Patient History to Clinical Diagnosis: An Optometrist's Translator

May 6, 2020
4 min read
🔥1.7k views

With the use of telemedicine increasing, it's more important than ever to listen for your patients' key symptoms and phrases while taking their history—made easier by this downloadable patient to clinical diagnosis dictionary!

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Patient history is a very critical piece to an exam, but is unfortunately often underemphasized and under-appreciated. Our technicians are often responsible for capturing the essence of the chief complaints during the patient work-up, but we all know that is not the end of the road. Asking the correct questions as an optometrist, in order to elicit a more comprehensive response, will improve your knowledge of the patient and their concerns. With the increasing use of telemedicine during the COVID-19 pandemic and beyond, listening critically for key symptoms and phrases will improve outcomes for your patients while increasing your value as an optometrist.

Interpreting patient complaint(s) in order to create a working differential diagnosis list can take years of clinical experience. The list below is a patient complaint to differential diagnosis dictionary to help speed the process and to keep in your back-pocket as if you were traveling abroad in a foreign country and didn’t know the language.

Download the translator for easy reference!

Patient complaint to differential diagnosis

The list below is not exhaustive, but should assist you as you start your clinical career. These responses were obtained from clinical experience, asking optometric colleagues and technicians, as well as a record history diagnosis search and chief complaint review of patients’ responses. Quotation marks are used to quote word-for-word or to emphasize important words that were recorded in a patient's chief complaint.

Demographics (patient age, gender, race) are also very important when creating your differential diagnosis list; consider this when assessing the differential diagnoses listed. And of course, there is a long list of conditions that often don't have any patient symptoms and thus will not be found in this dictionary. This is why it is imperative to educate your patients on the importance of routine exams, in order to be able to catch these problems before symptoms arise. I challenge you to add to the list and create your own list with your examples as they arise.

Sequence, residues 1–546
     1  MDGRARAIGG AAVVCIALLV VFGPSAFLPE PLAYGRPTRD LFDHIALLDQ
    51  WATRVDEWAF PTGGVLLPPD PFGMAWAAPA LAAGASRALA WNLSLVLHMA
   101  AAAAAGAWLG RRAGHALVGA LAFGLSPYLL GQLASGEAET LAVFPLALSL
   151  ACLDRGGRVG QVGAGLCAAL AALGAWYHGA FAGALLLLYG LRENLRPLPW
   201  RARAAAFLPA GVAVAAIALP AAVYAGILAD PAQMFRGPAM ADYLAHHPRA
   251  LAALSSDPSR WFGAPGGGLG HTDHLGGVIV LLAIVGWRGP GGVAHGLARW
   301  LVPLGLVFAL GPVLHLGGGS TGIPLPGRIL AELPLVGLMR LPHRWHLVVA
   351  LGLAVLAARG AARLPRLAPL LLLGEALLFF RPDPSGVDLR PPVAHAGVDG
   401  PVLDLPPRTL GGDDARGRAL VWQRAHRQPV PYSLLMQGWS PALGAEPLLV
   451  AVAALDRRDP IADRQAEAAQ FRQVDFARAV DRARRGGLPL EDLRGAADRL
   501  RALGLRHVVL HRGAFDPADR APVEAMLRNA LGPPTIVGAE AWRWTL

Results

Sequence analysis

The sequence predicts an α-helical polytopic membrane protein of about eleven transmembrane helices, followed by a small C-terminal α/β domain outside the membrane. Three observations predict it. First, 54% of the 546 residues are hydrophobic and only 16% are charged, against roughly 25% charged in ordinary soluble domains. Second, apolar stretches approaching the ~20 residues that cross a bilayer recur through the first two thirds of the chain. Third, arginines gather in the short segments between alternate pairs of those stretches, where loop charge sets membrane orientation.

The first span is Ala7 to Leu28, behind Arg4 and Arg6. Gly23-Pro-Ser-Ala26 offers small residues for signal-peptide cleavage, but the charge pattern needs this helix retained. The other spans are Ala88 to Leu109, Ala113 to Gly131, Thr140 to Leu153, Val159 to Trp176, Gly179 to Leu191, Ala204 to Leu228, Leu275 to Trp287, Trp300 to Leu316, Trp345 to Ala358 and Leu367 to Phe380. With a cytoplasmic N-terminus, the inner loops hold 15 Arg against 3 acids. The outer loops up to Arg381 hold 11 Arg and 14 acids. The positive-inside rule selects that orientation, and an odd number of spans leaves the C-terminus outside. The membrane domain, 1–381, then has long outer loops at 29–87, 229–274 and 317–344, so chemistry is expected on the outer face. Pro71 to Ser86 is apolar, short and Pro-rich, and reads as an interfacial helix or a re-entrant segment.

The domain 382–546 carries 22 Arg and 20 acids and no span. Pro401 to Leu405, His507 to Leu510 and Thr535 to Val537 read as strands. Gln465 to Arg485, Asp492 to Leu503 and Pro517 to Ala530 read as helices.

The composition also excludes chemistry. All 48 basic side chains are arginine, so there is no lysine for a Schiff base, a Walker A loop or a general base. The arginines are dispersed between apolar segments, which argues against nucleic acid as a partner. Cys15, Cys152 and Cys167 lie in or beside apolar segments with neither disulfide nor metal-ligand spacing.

Patient Complaint Differential Diagnosis
“Blue-Tint/Halo to vision” and/or blue flashes Hollenhorst Plaque/Artery occlusion, entoptic phenomenon
Blurry vision, "looks like clouds in my eye" BRVO wtih macular edema
Eyelashes fall out, (2) eyelids glued shut in the morning, (2) “eyelids stick to eye,” eyelids itch Blepharitis, Demodex, (2) RCE
Blurry vision in the morning Fuchs, Blepharitis, Dry Eye Disease (Lagophthalmos)
“Sharp” pain when first opening eyes (not just in the morning), “hurts/grinding feeling” (can awake patient in the middle of the night), “eyelids stick to eye/glued shut,” “feels like sticks in my eye” RCE
Tearing with possible “soreness”, redness, or mild blurry vision HSV, Herpes Zoster
“Zig-zag/Wavy/Flashing lights,” “circle of lights,” “kaleidoscope,” “shimmering” (right or left eye that can spread bilaterally) Migraine Aura, Retinal Migraine Aura
“Dull ache,” “pressure behind eyes” Sinus Congestion/Infection
“I keep cleaning my glasses, but my vision is still blurry,” “film over my vision” Cataracts, Dry Eye Disease
“My arms aren’t long enough,” “takes longer to focus on computer/reading,” “eyelid twitches” Presbyopia
“Spider-web,” “gnats/bugs in my vision” Vitreous Degeneration (Floaters)
Water and itching, stringy discharge Allergic Conjunctivitis
Red and “achey” Epi-scleritis, scleritis
“Feels like I got punched in the eye,” “light sensitivity” Uveitis
“Feels like hair hanging in vision” Superior visual field defect (BRVO, NAION)
“Halo-like imprint” and blur, “fonts look smaller/distorted,” “cloudy vision,” “thought glasses were dirty,” “multiple dots of bright blue light,” “faded” central vision, (2) hole/blind spot in central vision PED (serous macular detachment), (2) Macular Hole, ERM/VMA, CME
Distance and/or Near Blur (better with good light, worse when tired), “eyes feel like they cross,” headaches, eyestrain, “things look blurry when I look away from my computer” Paresis of Accommodation (ie accommodation insufficiency)
“Circle defect,” complete blackness of vision (sup or inf half) NAION, AION, Papillitis
Near Vision Blur + near vision (intermittent) diplopia (worse when reading long periods), sore eyes while reading, words “float” or move on the page Convergence Insufficiency
Foreign body sensation/”feels like something is under my lid,” “contact moves on my eye,” “contacts pop out,” crusty/stringy discharge, “wake up with goop in the corner,” redness GPC
Red and painful, sensitive to light, “watery” Corneal Ulcer

ODs, what would you add to this list? Leave your answer in the comments below!

While we make every effort to provide accurate information that is helpful to your practice of optometry, this information may contain errors and is not to be used in place of your own professional medical judgment. Under no circumstances shall the author or CovalentCareers be responsible for damages arising from use of this information.

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About Kellen Robertson, OD

Dr. Kellen Robertson graduated from Pacific University in May of 2016. He works at Eyes for Life in Spokane, WA where he is starting and branding a dry eye clinic from scratch. His interests include ocular surface disease and other anterior segment conditions as well as scleral lenses. Private practice and business management are two things he is passionate about.


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